by Robin L. Bennett, MS, CGC, Senior Genetic Counselor, University of Washington Medical Center
After a diagnosis of cancer is made, it is normal to wonder if you are at risk to develop another cancer or if people in your family have an increased risk of developing cancer. Overall, about 5 percent of cancer has a strong genetic component and therefore there can be a significant risk for other relatives to develop cancer. Persons with an inherited cancer condition may also be at risk to develop another primary cancer.
Knowing the medical history of your close relatives (siblings, parents, aunts and uncles, grandparents, and first cousins) can help to determine if your relatives have a higher risk for cancer. Clues in a medical family history suggestive of an inherited cancer genetic condition include:
One way to keep track of your family's medical history is to draw a family tree. There are many genealogy software programs that help you trace your family history. The Surgeon General has a free Web based tool that you can even share with your family to record your family medical history. There are also family history tools on the website of the National Society of Genetic Counselors.
Genetic counselors can assist you and your health professionals to determine if there is any genetic testing that might help assess your lifetime risk of developing cancer. There may be genetic blood tests or even tests that are done from tumor blocks that can be used to refine your risk.. Genetic counseling and genetic testing are covered benefits of many insurance plans. Usually the best person to have tested for a genetic link to cancer in a family is the relative who has had cancer at the youngest age, or who has had multiple primary cancers. If a gene change (mutation) is identified, then other relatives can benefit from genetic counseling and testing. However, even if no genetic testing is available, genetic counselors can often help provide recommendations for cancer screening and prevention.
Genetic counseling services are available through the Genetic Medicine Clinic at UWMC. A referral is usually required. To schedule an appointment, call 206-598-4030. Genetic counselors can also be identified through the "Find a Counselor" link on the National Society of Genetic Counselors Web site.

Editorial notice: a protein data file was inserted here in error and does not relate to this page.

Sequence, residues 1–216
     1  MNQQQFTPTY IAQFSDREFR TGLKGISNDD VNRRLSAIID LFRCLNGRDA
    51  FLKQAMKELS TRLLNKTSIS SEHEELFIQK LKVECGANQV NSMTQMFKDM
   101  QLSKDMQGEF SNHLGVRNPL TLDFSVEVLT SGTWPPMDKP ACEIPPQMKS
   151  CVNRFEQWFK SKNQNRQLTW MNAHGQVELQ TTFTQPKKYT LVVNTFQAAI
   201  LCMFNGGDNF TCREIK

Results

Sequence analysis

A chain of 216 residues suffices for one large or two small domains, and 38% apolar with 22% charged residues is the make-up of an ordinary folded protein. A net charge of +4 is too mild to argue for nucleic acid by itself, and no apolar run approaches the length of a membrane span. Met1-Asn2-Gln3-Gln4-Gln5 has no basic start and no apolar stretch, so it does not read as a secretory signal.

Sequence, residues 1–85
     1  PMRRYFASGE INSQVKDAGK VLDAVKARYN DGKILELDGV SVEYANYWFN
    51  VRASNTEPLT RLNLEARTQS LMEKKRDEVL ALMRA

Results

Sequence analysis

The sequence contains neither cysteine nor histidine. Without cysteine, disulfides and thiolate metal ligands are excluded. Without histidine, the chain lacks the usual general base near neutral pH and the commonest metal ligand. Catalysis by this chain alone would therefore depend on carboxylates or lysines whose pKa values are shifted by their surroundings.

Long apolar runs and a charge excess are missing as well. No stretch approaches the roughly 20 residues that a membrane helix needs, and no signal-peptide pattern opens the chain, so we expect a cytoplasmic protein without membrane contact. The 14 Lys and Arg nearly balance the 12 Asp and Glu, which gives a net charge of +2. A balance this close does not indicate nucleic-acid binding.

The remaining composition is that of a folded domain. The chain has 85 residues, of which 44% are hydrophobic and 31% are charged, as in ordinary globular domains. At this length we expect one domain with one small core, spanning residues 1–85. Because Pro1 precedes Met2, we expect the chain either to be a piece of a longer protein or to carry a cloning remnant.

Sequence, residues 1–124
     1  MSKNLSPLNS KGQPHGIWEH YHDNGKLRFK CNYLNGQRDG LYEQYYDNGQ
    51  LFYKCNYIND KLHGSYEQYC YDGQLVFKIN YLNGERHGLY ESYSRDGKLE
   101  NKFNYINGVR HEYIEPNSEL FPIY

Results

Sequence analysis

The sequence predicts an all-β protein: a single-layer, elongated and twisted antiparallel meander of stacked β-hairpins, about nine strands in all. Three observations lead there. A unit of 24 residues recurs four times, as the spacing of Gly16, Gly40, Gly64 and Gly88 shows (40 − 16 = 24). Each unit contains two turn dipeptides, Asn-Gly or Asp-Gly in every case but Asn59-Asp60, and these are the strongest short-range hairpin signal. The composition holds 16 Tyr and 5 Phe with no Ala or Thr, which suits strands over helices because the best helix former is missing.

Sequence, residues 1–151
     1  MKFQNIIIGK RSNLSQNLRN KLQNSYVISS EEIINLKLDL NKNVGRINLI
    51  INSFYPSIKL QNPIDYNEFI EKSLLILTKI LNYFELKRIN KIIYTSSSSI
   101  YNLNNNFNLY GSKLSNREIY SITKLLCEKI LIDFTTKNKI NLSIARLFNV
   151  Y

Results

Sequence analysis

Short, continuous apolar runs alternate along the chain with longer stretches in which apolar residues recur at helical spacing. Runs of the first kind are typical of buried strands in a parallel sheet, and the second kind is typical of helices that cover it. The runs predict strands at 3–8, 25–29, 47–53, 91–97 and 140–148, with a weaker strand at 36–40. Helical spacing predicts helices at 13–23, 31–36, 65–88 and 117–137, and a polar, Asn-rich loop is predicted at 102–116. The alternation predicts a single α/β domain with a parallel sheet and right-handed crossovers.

Q. What can happen when genetic test results are placed in medical records?
Clinical test results are normally included in a person's medical records. Consequently, individuals considering genetic testing must understand that their results might not be kept private.
Because a person's genetic information is considered health information, it is covered by the Privacy Rule of the Health Information Portability and Accountability Act (HIPAA) of 1996. The Privacy Rule requires that health care providers and others protect the privacy of health information, set boundaries on the use and release of health records, and empower individuals to control disclosure of their health-related information. Many states also have laws to protect the privacy and limit the release of genetic and other health information.
In 2008, the Genetic Information Nondiscrimination Act (GINA) became federal law. GINA prohibits discrimination based on genetic information in relation to health insurance and employment, but the law does not cover life insurance, disability insurance, and long-term care insurance. When applying for these types of insurance, people may be asked to sign forms that give an insurance company permission to access their medical records. The insurance company may take genetic test results into account when making decisions about coverage.
Some physicians keep genetic test results out of medical records. However, even if such results are not included in a person's medical records, information about a person's genetic profile can sometimes be gathered from that person's family medical history.
Source: National Cancer Institute Fact Sheet: BRCA1 and BRCA2: Cancer Risk and Genetic Testing